John Edwards Trial: First Defense Witnesses
- Scott Thomas (Former FEC Commissioner and proposed expert witness)
- Lora Haggard: One of his campaign's finance officers from Georgia and Treasurer for the Center for Promise and Opportunity Foundation (to which Bunny Mellon contributed millions before even met Rielle Hunter).
- Tim Reilly
- Scott McLean: Builder of Andrew Young's House
Harrison Hickman: Friend and Adviser to Edwards, a pollster from MD
- Robert Lester
- Wade Smith: Edwards' lawyer who had discussions with Mellon's lawyer Alexander Forger
Where is Rielle Hunter these days? Out and about with daughter Frances Quinn.[More...]
Edwards' full list of potential witnesses, filed a few weeks before trial, is here.
Edwards' daughter Cate is on the list, as is Lisa Blue Baron, Fred Baron's widow, but there's no indication yet as to whether either will be called. I think the Government is assuming Cate will be called, and that's the reason it filed a jury instruction on "sympathy" a few days ago.
It's not clear if the Judge finally agreed to allow Edwards' expert witness testify or whether the Government and Edwards reached an agreement on his testimony -- or whether they will fight about it Monday morning. While I can't find any court ruling on the Government's objection, Edwards did pare down his proposed expert witness instruction last week. It could be the Government and Edwards reached an agreement limiting the scope of the expert's testimony.
Edwards wants his expert to testify that a reasonable person who was a candidate in 2007 and 2008 would not have known that the expenditure by one third-party to cover the expenses of another third-party would have either been considered a campaign contribution or the payment of the candidate’s own personal expenses. That would be consistent with Edwards' good faith defense and negate that his conduct was "willful." From Edwards' proposed jury instructions (May 7 version:)
One factor for you to consider in deciding whether Mr. Edwards "knowingly and willfully" broke the law is whether the requirements of the law were vague or highly debatable. The more uncertain or debatable a law may be, the more difficult it may be to know whether certain conduct may violate the law. Sometimes the applicability of a law may be very clear in some instances, but not in others.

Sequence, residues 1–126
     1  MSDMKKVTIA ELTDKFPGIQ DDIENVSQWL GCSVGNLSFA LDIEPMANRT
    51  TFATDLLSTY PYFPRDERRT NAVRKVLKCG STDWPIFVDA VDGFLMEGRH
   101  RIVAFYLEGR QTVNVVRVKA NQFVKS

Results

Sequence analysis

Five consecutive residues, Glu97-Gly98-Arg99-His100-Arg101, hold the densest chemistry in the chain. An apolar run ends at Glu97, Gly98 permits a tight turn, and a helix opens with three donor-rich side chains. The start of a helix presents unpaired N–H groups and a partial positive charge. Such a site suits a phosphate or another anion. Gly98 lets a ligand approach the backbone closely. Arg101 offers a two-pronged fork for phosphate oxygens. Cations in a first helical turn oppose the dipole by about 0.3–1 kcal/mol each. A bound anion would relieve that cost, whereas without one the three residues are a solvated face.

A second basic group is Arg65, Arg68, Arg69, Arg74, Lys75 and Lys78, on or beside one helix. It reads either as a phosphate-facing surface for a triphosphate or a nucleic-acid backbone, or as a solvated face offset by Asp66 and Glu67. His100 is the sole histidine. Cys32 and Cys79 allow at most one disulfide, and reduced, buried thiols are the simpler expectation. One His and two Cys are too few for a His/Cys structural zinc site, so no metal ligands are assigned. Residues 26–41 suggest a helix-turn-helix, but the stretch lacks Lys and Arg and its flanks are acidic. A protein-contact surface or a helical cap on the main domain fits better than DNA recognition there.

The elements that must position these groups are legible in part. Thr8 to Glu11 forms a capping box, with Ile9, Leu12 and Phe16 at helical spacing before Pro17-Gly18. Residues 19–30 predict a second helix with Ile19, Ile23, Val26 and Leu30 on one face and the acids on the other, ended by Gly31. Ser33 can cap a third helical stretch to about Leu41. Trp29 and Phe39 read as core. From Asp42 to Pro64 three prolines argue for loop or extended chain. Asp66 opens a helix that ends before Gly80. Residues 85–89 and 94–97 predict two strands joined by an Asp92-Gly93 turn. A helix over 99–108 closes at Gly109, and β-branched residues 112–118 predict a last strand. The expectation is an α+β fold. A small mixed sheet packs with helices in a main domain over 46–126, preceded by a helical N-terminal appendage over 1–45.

Here, for example, everyone agrees that a check written by Ms. Mellon or Mr. Baron to the John Edwards for President campaign during the election cycle would have been a campaign contribution. But Mr. Edwards argues that it was uncertain Ms. Mellon and Mr. Baron to persons other than Mr. Edwards or his campaign to cover the expenses of Ms. Hunter and the Youngs during Ms. Hunter's pregnancy would be considered campaign contributions to Mr. Edwards' campaign.
If the law is so uncertain or highly debatable that reasonable persons could disagree as to whether those payment would be regulated as a campaign contribution, then Mr. Edwards could not knowingly and willfully violate the law by accepting or failing to report such a payment as a campaign contribution and you must find him "Not Guilty."
I wonder if John Edwards is feeling confident today, or whether he's sorry he turned down the Government's reported pre-indictment offer to plead to a felony with no jail time or a misdemeanor and six months. I can't imagine he had any idea during pre-indictment negotiations that the court would allow so much damaging testimony about the personal details of his marriage and affair, under the theory it was evidence of his state of mind and intent.
And what if he is convicted, but wins on appeal, with the appeals court ruling the judge erred in allowing the testimony? It's already been spread globally. The damage will never be repaired.
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